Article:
Die Sunden Der Vater

Peter Urban Gad

T. Ing.: Sins Of The Fathers; Sog.: Hermann Sudermann; Scen.: Peter Urban Gad; F.: Guido Seeber; Int.: Asta Nielsen (Hanno), Fritz Weidemann (Marten, Un Giovane Pittore), Emil Albes (Meyer, Padre Di Hanna), Hermann Seldeneck (Professor Harlow, Pittore), Frl. Stoike (Fanny, Sua Figlia), Max Wogritsch (Hans Braun); Prod.: Deutsche Bioscop Gmbh, Projek- Tions-Ag Union (Pagu); Pri. Pro.: 28 Febbraio 1913; 35mm. L. Or.: 911 M. L.: 462 M. D.: 23′ A 18 F/S.

T. it.: Italian title. T. int.: International title. T. alt.: Alternative title. Sog.: Story. Scen.: Screenplay. F.: Cinematography. M.: Editing. Scgf.: Set Design. Mus.: Music. Int.: Cast. Prod.: Production Company. L.: Length. D.: Running Time. f/s: Frames per second. Bn.: Black e White. Col.: Color. Da: Print source

Film Notes

In Sins of the Fathers she first appears as a girl who makes her initial entry into the Bohemian art world, by applying to be a model at the art academy. We see her at the studio with two other applicants. She is wearing a bright striped dress, and her hair is combed back and plaited at the nape of her neck. She stands there biting her nails in embarrassment, pulling at her dress, fiddling with her hands, and finally – how is one to present oneself! – slouching: she is being sized up. She wants something, but is helpless, and has to suffer their scrutiny. Yet of the three beauties, she is chosen. A short time later, she turns out to be well suited for the role she is given: “Hanna has become the perfect model”. She now wears her hair in loose curls, and seems so mature that – as we see in the next scene – she can take the role of a queen in the eyes of a student, a vision he then translates into a painting. Wearing a headband, with a white stole on her shoulders, she invests the personal pride of the loved one into the pose of a ruler; by contrast, when the professor enters he takes no notice of the model. Yet this association has separated her from her working-class world. In a decoratively patterned ladylike dress – with a square neckline that is just a little too severe – she is clearly out of place in her father’s humble home. A little later, she has fulfilled her function, the glow of first love has faded, the student is in Italy, and she is just mature: in a long dark skirt and a light blouse with a wide belt around her slim waist, her hair again caught at the nape of her neck, a feather boa adding a hint of the unconventional to her otherwise plain appearance”.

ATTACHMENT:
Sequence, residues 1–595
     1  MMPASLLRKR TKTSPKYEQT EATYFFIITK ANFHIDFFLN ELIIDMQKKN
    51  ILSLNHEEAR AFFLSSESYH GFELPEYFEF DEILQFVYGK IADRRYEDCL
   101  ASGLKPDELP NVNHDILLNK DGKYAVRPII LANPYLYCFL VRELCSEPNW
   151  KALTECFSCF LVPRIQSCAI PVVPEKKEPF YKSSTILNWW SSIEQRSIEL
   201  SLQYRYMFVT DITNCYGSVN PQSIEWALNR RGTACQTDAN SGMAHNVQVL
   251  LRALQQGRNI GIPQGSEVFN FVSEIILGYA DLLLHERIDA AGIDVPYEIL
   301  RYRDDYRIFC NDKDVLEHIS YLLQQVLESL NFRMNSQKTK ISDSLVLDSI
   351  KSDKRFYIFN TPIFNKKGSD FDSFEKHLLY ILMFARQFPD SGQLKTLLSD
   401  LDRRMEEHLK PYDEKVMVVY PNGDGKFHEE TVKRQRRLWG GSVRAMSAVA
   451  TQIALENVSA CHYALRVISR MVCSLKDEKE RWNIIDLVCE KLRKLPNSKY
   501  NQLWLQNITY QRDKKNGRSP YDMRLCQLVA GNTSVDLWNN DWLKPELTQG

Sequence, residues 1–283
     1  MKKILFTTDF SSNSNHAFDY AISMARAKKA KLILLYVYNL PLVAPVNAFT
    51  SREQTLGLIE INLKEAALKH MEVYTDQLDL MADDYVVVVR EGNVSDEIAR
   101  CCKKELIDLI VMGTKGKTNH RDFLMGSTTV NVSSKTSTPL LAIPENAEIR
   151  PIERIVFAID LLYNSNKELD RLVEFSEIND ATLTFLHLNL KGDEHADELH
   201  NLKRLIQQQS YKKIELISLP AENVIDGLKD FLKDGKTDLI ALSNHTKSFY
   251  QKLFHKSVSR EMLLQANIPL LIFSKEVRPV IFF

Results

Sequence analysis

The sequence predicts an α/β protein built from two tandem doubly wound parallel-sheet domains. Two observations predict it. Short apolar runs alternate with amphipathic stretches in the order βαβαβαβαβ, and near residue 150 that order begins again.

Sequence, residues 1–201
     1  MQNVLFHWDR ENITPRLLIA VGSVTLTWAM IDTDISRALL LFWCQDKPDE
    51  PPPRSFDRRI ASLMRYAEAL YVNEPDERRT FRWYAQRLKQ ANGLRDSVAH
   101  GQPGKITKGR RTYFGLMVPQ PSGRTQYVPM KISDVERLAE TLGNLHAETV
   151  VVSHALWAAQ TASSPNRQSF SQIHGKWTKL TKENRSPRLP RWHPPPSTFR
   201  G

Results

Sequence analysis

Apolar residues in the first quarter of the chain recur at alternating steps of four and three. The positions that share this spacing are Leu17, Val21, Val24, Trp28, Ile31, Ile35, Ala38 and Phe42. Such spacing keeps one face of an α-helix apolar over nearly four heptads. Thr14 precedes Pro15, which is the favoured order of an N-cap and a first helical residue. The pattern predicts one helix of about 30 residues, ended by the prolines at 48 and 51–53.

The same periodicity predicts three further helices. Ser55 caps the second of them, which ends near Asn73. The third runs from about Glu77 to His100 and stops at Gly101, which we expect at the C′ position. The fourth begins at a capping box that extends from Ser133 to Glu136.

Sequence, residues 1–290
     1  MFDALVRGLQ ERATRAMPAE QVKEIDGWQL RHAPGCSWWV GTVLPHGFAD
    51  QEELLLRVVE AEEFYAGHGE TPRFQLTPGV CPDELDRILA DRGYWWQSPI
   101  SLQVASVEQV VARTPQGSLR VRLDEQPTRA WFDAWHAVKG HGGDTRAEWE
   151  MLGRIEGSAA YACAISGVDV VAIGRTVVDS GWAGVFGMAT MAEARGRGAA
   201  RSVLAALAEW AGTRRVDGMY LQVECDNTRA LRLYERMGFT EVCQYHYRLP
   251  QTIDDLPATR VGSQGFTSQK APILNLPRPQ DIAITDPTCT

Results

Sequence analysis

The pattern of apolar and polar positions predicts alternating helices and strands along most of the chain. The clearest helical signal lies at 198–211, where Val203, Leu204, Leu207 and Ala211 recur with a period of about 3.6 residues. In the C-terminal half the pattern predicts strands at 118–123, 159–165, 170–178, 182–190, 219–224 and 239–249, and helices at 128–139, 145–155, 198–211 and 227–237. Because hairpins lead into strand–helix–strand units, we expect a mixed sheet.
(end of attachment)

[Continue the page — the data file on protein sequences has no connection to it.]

Heide Schlupmann, Unheimlichkeit des Blicks. Das Drama des fruhen deutschen Kinos, Frankfurt am Main, 1990

Copy From